On the night of Thursday 22nd February Sue Davies and I were amongst 24 intrepid runners who tackled the ‘Dash to the pole’ race organised by Jim Timmion and Mercia Fell Runners. The event is of time-trial format from Ragleth Inn in Little Stretton to the Pole Bank trig point high on the Long Mynd ‘by any reasonable route’. The two principal choices of route are by the valley of Ashes Hollow or open hill side via Small Batch and Barrister’s Plain. Both are about 3 miles in length with 1000feet of ascent. Over the preceding week I noticed the Mercia boys and girls discussing various combinations and variations thereof.
‘Dash to the pole’ has historically been applied to the ‘race’ between Scott and Amundsen to the South Pole (not really a race but an unfortunate competition between a professional explorer and a lumbering multi-faceted scientific expedition) or between Peary and Old Father Time to attain the North Pole (or not, depending on your viewpoint). Perhaps the Long Mynd event should be referred to as the ‘Dash to the pole’
So, on a clear, cold frosty if not Polar night we were amongst the early starters. We chose the Ashes Hollow route: navigationally easier but technically more demanding, and in hind-sight the slower of the two routes. Heading out of Little Stretton a brook was crossed by means of a footbridge adjacent to the ford, then the route led across the flat grass of the campsite by way of a couple of styles, then over another footbridge by Ashes house and finally into the valley proper for its relentless 3 mile ascent. Stretches of open grass, usually wet but tonight frozen, punctuate narrow, worn track and sections of rock polished smooth by water and foot. Scattered low-slung hawthorn bushes need to be ducked under and gorse bushes shoulder their way onto the path in determined attempt to tip you off the side and into the stream below.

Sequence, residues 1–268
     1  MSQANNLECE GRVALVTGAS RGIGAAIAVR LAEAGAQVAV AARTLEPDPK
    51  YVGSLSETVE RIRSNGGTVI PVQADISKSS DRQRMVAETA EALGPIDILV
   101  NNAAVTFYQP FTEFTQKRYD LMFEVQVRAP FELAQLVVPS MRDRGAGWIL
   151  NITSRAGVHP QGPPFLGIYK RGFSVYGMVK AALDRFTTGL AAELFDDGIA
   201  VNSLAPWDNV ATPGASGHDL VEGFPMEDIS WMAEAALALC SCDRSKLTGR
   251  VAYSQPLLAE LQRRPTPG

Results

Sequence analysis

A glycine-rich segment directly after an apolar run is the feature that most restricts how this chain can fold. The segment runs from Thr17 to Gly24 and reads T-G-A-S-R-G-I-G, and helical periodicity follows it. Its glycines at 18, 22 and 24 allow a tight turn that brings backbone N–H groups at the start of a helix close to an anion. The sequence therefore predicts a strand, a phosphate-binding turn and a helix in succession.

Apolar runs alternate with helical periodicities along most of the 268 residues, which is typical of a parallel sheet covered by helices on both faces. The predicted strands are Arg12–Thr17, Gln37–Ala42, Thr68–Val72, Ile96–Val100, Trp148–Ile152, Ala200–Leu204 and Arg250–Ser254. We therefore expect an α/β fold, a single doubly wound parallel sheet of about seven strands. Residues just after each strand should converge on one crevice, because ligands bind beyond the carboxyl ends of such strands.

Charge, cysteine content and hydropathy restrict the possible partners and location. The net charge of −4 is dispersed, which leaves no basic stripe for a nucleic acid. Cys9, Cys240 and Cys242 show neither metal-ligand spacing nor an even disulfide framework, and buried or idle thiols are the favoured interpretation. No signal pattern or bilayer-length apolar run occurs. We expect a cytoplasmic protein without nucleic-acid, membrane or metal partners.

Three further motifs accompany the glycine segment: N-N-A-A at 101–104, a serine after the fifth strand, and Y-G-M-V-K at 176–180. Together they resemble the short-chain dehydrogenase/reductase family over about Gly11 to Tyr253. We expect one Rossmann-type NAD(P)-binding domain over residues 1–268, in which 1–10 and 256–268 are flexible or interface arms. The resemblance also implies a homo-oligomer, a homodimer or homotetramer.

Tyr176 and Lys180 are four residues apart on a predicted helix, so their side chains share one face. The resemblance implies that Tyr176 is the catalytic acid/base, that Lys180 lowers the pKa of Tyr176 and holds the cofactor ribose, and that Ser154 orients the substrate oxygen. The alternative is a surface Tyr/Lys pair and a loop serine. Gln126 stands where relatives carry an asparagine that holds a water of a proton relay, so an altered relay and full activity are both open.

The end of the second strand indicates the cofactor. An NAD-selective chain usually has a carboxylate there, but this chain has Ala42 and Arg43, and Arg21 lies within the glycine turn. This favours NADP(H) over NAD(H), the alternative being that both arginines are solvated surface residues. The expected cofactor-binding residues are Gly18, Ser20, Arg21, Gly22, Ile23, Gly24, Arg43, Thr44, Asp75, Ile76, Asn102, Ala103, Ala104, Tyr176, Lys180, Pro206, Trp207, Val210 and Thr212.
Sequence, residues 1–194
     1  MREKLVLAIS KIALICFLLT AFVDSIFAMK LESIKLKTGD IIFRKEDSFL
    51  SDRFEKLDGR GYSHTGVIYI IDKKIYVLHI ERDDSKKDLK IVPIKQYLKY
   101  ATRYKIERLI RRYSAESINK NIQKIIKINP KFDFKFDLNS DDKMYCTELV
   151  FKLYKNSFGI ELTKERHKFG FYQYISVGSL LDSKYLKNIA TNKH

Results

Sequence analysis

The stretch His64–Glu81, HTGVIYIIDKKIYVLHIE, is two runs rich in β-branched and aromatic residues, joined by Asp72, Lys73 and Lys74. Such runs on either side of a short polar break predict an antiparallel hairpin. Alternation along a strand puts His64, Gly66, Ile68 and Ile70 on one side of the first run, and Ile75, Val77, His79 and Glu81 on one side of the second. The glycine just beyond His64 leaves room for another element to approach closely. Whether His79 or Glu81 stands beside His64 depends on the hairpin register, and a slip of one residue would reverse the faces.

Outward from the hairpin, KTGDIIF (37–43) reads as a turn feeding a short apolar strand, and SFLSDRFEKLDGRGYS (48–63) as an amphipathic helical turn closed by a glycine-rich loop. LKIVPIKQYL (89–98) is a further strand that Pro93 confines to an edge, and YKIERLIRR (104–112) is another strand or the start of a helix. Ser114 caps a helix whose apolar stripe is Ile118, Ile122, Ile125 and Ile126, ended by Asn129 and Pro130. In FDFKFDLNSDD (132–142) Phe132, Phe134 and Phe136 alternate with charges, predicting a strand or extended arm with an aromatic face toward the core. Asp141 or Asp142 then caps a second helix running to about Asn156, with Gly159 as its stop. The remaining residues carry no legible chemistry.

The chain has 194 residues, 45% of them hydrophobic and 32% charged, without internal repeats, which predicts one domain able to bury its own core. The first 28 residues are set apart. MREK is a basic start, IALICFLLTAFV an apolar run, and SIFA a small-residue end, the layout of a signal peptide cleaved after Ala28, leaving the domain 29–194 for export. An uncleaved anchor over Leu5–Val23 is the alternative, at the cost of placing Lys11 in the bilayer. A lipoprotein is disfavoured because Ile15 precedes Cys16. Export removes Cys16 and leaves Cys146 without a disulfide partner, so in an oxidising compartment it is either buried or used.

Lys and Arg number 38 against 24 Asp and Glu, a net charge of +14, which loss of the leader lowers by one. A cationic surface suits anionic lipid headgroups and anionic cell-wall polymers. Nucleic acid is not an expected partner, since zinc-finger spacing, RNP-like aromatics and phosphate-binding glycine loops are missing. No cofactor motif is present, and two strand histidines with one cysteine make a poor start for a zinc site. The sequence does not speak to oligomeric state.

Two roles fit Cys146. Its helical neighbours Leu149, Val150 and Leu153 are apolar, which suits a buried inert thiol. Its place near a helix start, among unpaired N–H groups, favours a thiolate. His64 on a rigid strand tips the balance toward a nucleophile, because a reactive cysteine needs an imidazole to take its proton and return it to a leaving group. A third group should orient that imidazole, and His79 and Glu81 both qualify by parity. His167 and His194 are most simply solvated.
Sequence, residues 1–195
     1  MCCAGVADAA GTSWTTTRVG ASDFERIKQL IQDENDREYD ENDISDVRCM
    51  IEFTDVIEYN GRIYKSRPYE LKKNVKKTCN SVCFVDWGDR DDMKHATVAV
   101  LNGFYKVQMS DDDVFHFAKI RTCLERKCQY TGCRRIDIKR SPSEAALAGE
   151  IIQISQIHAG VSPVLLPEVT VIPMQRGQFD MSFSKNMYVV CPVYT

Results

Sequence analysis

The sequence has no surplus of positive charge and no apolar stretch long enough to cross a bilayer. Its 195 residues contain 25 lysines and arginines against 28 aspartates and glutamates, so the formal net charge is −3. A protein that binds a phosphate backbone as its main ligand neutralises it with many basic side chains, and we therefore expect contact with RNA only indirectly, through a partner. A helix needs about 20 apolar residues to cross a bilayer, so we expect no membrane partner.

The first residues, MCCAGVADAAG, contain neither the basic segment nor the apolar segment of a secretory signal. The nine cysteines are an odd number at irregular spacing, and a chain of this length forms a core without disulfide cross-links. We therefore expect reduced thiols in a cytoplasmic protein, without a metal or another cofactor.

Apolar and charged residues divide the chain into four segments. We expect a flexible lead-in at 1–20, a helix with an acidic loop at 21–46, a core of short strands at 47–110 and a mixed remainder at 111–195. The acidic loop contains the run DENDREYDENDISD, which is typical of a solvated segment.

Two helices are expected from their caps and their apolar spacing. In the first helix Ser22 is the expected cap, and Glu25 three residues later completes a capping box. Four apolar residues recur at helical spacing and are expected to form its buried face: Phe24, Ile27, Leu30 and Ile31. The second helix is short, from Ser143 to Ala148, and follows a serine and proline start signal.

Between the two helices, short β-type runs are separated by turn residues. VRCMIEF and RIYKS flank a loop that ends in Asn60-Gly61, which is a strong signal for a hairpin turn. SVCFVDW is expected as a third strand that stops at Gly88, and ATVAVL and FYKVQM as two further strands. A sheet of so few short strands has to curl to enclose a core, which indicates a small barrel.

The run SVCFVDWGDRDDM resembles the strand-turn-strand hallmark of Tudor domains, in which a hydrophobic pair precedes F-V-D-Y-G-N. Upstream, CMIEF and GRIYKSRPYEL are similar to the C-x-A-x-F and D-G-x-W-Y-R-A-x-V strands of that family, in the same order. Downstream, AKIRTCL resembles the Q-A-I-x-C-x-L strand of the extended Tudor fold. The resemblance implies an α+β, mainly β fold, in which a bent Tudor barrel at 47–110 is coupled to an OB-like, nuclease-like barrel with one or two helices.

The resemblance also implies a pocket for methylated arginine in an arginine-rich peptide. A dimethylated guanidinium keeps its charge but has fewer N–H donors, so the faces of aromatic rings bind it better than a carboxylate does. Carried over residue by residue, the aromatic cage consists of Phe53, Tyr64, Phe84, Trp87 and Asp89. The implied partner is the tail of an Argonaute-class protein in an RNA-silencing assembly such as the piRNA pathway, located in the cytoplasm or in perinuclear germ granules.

Part way up the valley, my head torch illuminated a fleeting patch of grey in the distance, which as we continued to climb manifest as the lead of a group of six hill ponies making their way to the sanctuary of the stream side for the night. Not quite Scott’s Manchurian ponies but an apt encounter given the context. They glanced nonchalantly as we passed as if it was an every-night occurrence. Given the pace and panache of some of the other runners, maybe it is as they hone their craft in the darkness.
As Ashes Hollow reaches its top it fans out into open moorland. We planned to make way by a shallow depression off to the left which we knew had a faint path in order to cut off a corner. However, under the light of a head torch the depression lost definition, the path faded away and we were left to ‘heather bash’ for a couple of hundred meters before hitting the track and heading to the trig point finish where it was a chill minus 4 degrees.
About 700 metres down from the trig point finish drinks and cakes were served in a marquee at Pole Cottage, before we jogged leisurely down the Small Batch-Barrister’s Plain route back to Ragleth Inn.
The Amundsen prize for attaining priority at the pole went to K McKenna in 25:44. First lady was K Whitfield in 33:44. The Scott prise for gallant runner up went to C Atherton in 26:48. 2nd lady R Bateman in 34:40. 3rd man was J Agnew in 26:55, 3rd lady was A Cadman-Gibb in 38:45. The Peary prize for ‘right distance, wrong direction’ (should it have existed) was not awarded as all arrived at the pole and returned safely.